They were glad our church was so gracious to accept them where they are, even though it is filled with “higher life” types (like me) who are rearin’ to go most of the time. Our church is, essentially, a radical kind of place that, by nature, might not seem like the best place for someone who feels successful if they make it to the Sunday meetings a couple of times a month. We are often blasted with messages from people who would have loved to follow in Lilias Trotter’s footsteps to Algeria. And yes, she and her type will be celebrated as admirable ancestors in “our transhistorical body” while we appear to overlook the millions of Jesus followers who no one remembered much after they died.
I ended the dialogue in our cell like I am going to end this blog post, with this question. Why can’t Lilias Trotter be celebrated for who she is and each of us be celebrated for who we are? If she is greater, why not love her for it? If you aren’t, why not love you for it? Isn’t that the gospel, that all have sinned and fall short of the glory of God and we are all saved by the redeeming work of Jesus? As soon as the Lord makes us all equal in his love as he dies for us on the cross, do we immediately need to turn around and create a hierarchy among us according to how much glory someone is reflecting, or not?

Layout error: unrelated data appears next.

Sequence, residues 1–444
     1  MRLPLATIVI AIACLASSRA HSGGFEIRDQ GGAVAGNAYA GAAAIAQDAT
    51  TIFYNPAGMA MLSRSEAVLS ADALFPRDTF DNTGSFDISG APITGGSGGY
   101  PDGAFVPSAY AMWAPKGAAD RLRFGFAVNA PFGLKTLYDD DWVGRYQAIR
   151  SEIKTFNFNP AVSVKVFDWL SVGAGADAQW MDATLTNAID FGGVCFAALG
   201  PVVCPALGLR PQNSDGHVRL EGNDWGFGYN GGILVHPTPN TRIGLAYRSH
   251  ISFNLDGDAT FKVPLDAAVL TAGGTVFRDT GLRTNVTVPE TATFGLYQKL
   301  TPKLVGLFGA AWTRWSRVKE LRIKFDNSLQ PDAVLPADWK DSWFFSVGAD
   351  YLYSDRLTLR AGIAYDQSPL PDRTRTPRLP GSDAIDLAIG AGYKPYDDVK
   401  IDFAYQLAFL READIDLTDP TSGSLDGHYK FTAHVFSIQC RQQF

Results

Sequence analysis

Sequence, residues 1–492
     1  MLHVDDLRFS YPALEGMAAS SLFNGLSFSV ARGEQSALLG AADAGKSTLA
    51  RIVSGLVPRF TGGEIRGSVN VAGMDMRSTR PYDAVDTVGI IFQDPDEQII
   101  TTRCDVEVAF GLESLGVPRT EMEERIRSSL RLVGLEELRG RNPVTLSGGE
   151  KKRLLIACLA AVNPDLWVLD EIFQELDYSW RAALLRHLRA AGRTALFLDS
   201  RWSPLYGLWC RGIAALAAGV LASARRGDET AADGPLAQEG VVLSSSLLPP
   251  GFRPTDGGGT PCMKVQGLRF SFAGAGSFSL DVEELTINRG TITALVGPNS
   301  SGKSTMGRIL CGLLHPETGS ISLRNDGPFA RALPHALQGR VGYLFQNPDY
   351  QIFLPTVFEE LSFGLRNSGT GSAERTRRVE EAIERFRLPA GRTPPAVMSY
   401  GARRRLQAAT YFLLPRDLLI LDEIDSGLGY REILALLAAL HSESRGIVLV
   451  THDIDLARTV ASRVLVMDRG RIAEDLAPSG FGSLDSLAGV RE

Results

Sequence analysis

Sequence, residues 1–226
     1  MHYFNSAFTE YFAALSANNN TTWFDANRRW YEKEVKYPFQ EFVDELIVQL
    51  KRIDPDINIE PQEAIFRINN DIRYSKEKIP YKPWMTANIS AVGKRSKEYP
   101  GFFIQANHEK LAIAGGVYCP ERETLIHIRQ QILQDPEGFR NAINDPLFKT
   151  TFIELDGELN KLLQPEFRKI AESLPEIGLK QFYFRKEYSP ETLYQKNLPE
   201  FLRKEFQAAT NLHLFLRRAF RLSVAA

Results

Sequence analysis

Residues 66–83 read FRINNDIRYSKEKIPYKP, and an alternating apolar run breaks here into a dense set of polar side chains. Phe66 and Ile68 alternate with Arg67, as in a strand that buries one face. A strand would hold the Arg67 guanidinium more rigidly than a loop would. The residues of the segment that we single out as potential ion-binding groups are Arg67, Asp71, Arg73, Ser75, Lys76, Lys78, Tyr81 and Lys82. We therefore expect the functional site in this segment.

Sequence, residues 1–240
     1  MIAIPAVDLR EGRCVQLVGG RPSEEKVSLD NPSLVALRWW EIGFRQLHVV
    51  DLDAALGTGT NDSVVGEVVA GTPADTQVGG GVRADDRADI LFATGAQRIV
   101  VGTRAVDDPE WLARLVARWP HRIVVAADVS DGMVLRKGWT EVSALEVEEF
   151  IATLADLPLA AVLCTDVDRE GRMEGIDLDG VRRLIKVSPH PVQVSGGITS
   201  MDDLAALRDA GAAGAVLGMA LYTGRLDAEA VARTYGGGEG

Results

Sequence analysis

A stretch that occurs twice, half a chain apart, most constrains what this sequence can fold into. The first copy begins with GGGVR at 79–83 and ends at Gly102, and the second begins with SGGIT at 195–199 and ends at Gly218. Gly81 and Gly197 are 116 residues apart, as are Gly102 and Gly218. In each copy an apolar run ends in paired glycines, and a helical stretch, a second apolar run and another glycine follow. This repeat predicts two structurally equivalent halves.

I know being loved as we are and feeling hope for a higher life is hard to accept when we are depressed and anxious, or when our parents and associates have made us feel like we are not worth much, or sin at work in us has warped our view of self and God so much we can’t see straight. I freely admit that many Christians have been a menace, acting all holy and doing terrible things in the name of their righteousness. In spite of their sin, we need to receive our new self in Christ whether it lives in a messy, yet-to-be-perfected box or not! It is the crucial act of putting on the new self of God’s beloved that leads us out of every restrictive box and onto the unusual ways of faith in Jesus.